Star Wars: The Last Jedi Nears $600 Million Worldwide as Controversy and Box Office Success Continue

As Star Wars: The Last Jedi heads into its second weekend at the box office, things are looking up for the film that scored the second highest domestic box office opening of all time. The Last Jedi has made $278 million at the North American box office as of Wednesday, and $295 million internationally. But heading into its second weekend, will that box office success continue?

Despite its financial performance, The Last Jedi’s release has been rocked by controversy, most of it surrounding low audience scores on Rotten Tomatoes and a particularly angry breed of internet commenters claiming the movie ruined Star Wars, while critics mostly liked the film, giving it a 93% positive rating on the review aggregator website. While this disparity between audience reaction and critical reception is jarring, it makes perfect sense in the context of a bigger picture of which The Last Jedi’s situation is  just one piece. The controversy surrounding The Last Jedi is part of a growing shadow war between critics and fans over the success of blockbuster movies that is so mysterious and shadowy it might not even actually be taking place!

 

In Justice League’s case, the critical score for the movie on the holy battleground of Rotten Tomatoes was negative while the audience score was positive, seeming to indicate that moviegoers enjoyed the film more than critics. Furthermore, this has been the case for most of the DCEU movies, which share a similar pattern, except for the universally successful Wonder Woman: critics pan the movie, audiences like it more, box office under-delivers, and hardcore fans blame the critics and the press for hating on the movie. This pattern has affected a group of hardcore DCEU fans over the last several years in strange ways. Regrettable things have been posted on message boards. Very silly petitions have been started. Bots have been deployed to leave fake reviews on The Shape of Water. A quick trip through the comments section of any story about the movie, including this one in a few hours, will yield dozens of volatile comments about the film and about the lies the media is purportedly telling to cover up the film’s terribleness.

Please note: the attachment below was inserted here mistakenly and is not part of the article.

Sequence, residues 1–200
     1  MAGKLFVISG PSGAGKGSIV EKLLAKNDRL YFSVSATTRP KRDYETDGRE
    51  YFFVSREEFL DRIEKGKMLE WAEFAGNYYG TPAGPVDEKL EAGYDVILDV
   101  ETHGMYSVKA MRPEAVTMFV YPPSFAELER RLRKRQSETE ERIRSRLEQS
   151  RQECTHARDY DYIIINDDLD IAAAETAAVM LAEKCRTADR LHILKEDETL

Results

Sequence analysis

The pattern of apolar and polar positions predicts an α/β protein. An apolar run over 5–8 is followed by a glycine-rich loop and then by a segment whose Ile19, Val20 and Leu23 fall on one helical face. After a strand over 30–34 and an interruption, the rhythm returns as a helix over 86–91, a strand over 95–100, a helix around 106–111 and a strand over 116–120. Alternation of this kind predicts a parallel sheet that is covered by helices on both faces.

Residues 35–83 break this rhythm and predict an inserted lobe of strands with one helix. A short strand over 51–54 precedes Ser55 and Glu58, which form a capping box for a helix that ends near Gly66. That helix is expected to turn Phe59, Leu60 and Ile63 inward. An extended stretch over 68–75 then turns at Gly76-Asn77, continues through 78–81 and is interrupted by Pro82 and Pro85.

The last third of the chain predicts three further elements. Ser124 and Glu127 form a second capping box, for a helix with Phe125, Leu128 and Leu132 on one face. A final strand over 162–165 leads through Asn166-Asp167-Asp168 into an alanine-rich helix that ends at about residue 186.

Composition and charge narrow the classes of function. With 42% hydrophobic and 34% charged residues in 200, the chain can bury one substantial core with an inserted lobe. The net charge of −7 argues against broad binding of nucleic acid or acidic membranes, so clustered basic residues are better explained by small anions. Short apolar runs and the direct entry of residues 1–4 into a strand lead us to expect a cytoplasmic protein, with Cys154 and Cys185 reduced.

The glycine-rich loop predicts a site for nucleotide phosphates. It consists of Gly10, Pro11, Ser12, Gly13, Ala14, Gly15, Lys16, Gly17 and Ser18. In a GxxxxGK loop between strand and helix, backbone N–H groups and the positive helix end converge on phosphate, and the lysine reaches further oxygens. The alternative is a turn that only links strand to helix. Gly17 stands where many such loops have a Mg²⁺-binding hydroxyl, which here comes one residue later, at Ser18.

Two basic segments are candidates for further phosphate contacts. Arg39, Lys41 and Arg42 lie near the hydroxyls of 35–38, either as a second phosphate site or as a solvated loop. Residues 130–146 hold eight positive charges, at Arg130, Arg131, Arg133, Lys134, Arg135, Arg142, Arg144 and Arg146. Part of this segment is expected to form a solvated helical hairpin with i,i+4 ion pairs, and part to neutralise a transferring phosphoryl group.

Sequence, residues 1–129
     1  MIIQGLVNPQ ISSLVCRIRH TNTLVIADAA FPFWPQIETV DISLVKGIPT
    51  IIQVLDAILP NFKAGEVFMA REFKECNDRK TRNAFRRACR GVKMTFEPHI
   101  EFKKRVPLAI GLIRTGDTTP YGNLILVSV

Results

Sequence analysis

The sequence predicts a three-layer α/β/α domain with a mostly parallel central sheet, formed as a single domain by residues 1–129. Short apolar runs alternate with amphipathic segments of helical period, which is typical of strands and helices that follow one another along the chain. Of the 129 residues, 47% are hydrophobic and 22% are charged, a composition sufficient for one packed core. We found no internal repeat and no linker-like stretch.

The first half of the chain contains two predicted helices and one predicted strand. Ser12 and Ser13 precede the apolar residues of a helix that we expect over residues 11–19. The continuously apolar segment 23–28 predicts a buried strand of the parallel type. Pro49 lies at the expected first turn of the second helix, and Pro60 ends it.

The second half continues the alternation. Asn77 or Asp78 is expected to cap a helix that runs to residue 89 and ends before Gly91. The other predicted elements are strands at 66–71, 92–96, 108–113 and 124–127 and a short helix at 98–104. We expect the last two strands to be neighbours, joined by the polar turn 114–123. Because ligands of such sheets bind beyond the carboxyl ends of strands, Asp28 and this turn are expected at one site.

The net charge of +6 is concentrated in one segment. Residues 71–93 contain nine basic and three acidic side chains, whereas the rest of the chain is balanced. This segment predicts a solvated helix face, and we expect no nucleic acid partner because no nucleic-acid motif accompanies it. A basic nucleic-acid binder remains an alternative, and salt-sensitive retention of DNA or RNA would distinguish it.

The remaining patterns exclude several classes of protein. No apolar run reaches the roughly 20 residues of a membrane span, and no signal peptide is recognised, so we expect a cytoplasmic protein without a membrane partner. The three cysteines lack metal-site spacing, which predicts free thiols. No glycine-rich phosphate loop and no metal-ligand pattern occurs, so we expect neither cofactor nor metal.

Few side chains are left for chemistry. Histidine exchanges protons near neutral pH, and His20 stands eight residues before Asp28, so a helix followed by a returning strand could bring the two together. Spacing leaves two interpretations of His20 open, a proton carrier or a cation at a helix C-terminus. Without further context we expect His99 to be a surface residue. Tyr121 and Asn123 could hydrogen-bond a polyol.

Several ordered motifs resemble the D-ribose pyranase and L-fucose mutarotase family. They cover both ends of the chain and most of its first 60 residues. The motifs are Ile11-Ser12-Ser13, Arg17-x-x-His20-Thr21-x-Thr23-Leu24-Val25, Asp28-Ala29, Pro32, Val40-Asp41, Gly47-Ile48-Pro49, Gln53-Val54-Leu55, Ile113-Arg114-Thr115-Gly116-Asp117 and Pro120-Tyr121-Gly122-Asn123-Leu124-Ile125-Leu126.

So is it true that critics purposely tanked the reviews and badmouthed Justice League in the press out of a vendetta against the superhero universe? And have these same critics have inflated the score for Star Wars out of allegiance to (or payola from) Disney, or to further a hidden Marxist social agenda? Could all of this be made better if somebody just released the damn Zack Snyder cut of Justice League?! Is every bit of this wild conspiracy theory true?

We’re not here to tell you how to thing. We’re just reporting the facts and allowing you to draw your own conclusions.

This wild conspiracy theory doesn’t necessarily make up the entirety of, or even majority of, critiques of the film, which run the gamut of complaints anyone would expect from a sequel in a multi-decade franchise. And just as Justice League failed to live up to its potential at the box office, Star Wars: The Last Jedi continues to do well. With children starting holiday breaks this week, the movie’s prospects in the near future look good. And, of course, there’s the more scientific methods like exit polls outside theaters which have produced higher grades from audiences.

Star Wars: The Last Jedi will pass $300 million in both domestic and international box offices well before the weekend is out, and will probably surpass Justice League’s entire global total as well. But rather than proof that the critics were correct in the case of both movies, to true believers of the critics vs audience conspiracy, it will only serve as evidence that the nefarious schemes of critics to influence the box office have been successful. As well it should. Because it’s all true.

Wait, sorry, we had that wrong. None of it’s true.

Or is it?!

No.

last jedi box office

About Jude Terror

A prophecy says that in the comic book industry's darkest days, a hero will come to lead the people through a plague of overpriced floppies, incentive variant covers, #1 issue reboots, and super-mega-crossover events.

Scourge of Rich Johnston, maker of puns, and seeker of the Snyder Cut, Jude Terror, sadly, is not the hero comics needs right now... but he's the one the industry deserves.

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